Devil's Bridge in Tarragona

Devil's Bridge in Tarragona
Devil's Bridge in Tarragona

The Roman architecture, or rather, the Roman engineering is undoubtedly one of the most brilliant construction periods of all time. Only in this way can it be considered a culture that built infrastructures spread throughout its empire that still survive two millennia later. Examples abound, such as the Gard Bridge in France, or the Segovia Aqueduct in Spain.


Devil's Bridge in Tarragona

Precisely today we are going to talk about another Roman aqueduct and also built in what was its colony of Hispania, that is, Spain. It is known as Pont del Diable or Les Ferreres Aqueduct in Tarragona.

In reality, only a section of this aqueduct that supplied water to the city has arrived, bringing it from a river that runs on the outskirts. Tarragona is at sea level, on the shores of the Mediterranean. And the water is taken from the Francolí river at a point located almost 100 meters high. From there, an aqueduct of about 25 kilometers was designed, made up of both aerial sections and pipes.

Of all this, the most spectacular is the Pont del Diable, which reaches a height of 27 meters and extends for almost 220 meters, with 11 arches at the bottom and 25 at the top, over which the canal runs of water, thanks to the 40 centimeters of difference in level between itshighest and lowest point.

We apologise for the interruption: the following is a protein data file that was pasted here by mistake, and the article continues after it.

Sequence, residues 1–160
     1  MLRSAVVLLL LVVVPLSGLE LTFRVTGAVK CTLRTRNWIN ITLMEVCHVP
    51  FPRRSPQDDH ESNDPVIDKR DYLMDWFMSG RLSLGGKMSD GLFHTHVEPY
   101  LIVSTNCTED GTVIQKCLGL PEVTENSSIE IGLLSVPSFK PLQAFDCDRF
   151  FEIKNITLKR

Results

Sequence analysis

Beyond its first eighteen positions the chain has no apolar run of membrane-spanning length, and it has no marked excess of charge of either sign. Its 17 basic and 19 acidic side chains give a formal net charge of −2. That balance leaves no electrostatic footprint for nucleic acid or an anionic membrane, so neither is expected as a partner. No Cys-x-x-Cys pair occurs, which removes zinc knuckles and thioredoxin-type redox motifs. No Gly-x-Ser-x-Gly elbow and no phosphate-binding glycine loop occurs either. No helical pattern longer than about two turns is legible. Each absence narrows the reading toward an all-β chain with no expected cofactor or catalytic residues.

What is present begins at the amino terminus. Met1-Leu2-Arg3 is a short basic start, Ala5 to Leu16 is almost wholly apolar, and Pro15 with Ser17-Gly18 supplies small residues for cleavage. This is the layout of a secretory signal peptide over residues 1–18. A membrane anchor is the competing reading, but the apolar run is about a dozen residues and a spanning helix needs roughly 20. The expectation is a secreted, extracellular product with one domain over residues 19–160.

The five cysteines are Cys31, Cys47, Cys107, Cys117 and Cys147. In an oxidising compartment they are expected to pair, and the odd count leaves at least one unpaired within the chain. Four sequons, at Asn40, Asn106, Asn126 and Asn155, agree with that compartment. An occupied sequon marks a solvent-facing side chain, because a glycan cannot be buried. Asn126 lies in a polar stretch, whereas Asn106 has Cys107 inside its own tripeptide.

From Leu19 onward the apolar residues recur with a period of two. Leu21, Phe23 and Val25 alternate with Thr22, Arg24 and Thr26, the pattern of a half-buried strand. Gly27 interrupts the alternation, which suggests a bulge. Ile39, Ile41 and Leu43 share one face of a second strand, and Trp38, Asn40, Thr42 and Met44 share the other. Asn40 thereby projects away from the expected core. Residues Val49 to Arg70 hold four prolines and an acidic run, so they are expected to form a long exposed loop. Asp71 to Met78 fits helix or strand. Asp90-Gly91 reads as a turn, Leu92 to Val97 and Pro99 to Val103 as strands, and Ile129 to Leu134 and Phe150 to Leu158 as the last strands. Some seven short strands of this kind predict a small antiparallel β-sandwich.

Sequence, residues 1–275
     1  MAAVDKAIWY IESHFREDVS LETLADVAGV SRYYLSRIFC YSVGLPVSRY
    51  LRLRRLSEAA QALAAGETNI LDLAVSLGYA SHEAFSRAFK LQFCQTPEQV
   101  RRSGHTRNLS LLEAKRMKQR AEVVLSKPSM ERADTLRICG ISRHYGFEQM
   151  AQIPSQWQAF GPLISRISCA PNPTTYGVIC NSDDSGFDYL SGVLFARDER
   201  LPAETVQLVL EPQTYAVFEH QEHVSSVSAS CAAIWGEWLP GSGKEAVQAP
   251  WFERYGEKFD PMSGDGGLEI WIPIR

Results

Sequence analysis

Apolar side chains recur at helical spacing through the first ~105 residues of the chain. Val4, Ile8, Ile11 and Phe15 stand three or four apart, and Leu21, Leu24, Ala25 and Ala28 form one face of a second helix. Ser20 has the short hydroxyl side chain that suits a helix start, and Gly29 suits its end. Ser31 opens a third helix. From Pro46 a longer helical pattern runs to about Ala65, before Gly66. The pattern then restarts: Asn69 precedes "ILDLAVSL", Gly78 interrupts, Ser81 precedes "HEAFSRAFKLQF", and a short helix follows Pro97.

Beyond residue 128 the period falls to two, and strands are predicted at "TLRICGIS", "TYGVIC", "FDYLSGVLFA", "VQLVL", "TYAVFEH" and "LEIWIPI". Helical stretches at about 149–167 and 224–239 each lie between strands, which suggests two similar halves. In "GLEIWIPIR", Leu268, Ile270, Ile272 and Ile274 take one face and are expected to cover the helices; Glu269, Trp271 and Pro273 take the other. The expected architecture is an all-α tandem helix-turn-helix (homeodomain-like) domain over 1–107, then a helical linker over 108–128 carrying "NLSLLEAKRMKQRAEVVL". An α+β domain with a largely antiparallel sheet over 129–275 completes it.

A colossal work made from large blocks of stone or ashlars, which are placed dry, that is, without any mortar that glues them together. It seems almost a miracle that it has stood since the 1st century, when it was built in the period of Emperor Augustus. And furthermore, both this section and the rest of the aqueduct remained in use until the 17th century. A jewel, and as such it has been considered by UNESCO, which has listed it as World Heritage Site.

And as for its current names, it must be said that it is known as the Aqueduct of Les Ferreres, because it is located in a piece of land with that place name. And regarding Puente del Diablo, it is quite common in many other bridges in Spain and Europe, since they are usually such spectacular works that over time they are only explained by the intervention of extraordinary events. And in this case the legend says that the master builder who was building it, tired of several failures, Satan appeared and offered him help. Of course, in exchange he said that he would keep the first soul that drank the water that passed through this aqueduct. And it turned out that the one who drank first was an ass.

Obviously this is all legend, and the fact is that the Romans built it with their undisputed mastery of engineering.

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